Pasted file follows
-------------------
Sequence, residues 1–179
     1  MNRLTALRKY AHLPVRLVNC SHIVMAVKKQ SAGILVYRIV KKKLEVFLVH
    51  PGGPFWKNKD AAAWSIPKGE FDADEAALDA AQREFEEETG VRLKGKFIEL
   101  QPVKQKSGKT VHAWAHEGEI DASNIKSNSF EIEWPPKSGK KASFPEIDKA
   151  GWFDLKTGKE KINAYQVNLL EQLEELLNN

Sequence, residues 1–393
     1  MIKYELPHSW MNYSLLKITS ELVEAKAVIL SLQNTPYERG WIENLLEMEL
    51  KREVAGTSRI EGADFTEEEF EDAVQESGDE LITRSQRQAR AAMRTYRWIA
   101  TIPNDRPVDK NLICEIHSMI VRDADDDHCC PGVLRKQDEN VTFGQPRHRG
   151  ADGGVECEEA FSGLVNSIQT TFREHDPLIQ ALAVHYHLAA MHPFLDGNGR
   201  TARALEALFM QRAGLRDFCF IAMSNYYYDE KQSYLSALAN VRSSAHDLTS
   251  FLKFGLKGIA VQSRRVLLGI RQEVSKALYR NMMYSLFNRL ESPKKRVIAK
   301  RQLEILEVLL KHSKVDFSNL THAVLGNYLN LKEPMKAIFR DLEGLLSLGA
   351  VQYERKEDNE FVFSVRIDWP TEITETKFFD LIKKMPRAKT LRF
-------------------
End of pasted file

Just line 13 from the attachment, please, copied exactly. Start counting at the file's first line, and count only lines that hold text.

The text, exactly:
   301  RQLEILEVLL KHSKVDFSNL THAVLGNYLN LKEPMKAIFR DLEGLLSLGA